55% of message pertaining to feelings and attitudes is in facial expression.
This means that if we communicate by letter or e-mail, we lose 93% of the message being portrayed – who hasn’t re-written that e-mail umpteen times because you don’t want them to misinterpret your meaning… With talk on the telephone we get more of the message, but still lose 55% of the message – the part that is portrayed through facial expression.

The benefits of a video call also mean we can join in. We can see little Sally playing the recorder, help Christopher with his crazy maths problem, see the scarf Nan knitted, and share the moment. Face to face communication helps people feel more included in the lives of others, and in turn enhances their own.

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Loneliness

Loneliness is being talked about more and more within the media, among policy makers and by society as a whole. Has there been an increase in loneliness, or are we understanding and talking about the concept more? Maybe it’s a little of both.

Loneliness can affect the new mother who has no adult contact, the isolated grandmother whose last conversation was 4 days ago, the recently widowed husband who isn’t sure what routine means anymore, or the working professional who goes home to an empty house. No one is immune. Some people value their solitude, but when does solitude turn to loneliness? Families used to live in the same house, same street – at most a couple of streets away in the same village. Now we have cousins in Australia, sons and daughters in Scotland, brothers and sisters in America.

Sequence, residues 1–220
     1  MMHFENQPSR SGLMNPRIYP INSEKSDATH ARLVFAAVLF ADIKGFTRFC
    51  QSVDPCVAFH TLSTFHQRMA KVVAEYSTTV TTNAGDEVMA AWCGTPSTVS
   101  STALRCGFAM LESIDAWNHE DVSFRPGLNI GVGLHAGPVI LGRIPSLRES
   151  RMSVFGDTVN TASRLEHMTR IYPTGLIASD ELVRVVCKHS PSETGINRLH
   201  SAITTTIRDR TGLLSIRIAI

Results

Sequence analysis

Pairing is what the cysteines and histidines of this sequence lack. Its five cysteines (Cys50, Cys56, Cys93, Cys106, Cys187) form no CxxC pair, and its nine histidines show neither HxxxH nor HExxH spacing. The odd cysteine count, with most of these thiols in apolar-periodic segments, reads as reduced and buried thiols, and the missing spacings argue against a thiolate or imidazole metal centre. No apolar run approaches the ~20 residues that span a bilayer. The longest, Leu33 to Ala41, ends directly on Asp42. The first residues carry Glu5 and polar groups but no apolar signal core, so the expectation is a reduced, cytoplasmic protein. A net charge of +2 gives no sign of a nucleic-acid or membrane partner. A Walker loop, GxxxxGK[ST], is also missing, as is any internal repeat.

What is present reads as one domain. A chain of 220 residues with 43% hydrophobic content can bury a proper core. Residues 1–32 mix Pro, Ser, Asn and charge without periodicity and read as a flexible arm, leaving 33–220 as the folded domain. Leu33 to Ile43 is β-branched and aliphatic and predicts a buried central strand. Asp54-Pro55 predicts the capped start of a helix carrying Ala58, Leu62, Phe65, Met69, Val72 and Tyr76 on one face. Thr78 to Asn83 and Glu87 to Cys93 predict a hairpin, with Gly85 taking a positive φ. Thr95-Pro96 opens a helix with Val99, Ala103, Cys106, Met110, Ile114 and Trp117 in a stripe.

Popping round seems to no longer be an option, and individuals are turning to other avenues of support and contact where family once was. Even if you do have people around you, unless you feel in control and view these contacts as meaningful, you can still be lonely. Who wants to be talked at, made to feel inadequate or made to participate with an activity just because someone thinks it’s what you should do, what you need.

The key lies with being able to connect with those you want to, when you want to, how you want to. A coffee with Frank, a game of cards with Joyce, a film with Jenny, a chat with Aunty Catherine….

There are some fantastic options out there to reduce loneliness, with businesses, charities and communities becoming more focused on making sure the hard to reach, isolated and lonely are reached, and in ways that make them want to engage.

What would you like in place to make you less lonely? What ideas do you have to help others?

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Our Big Society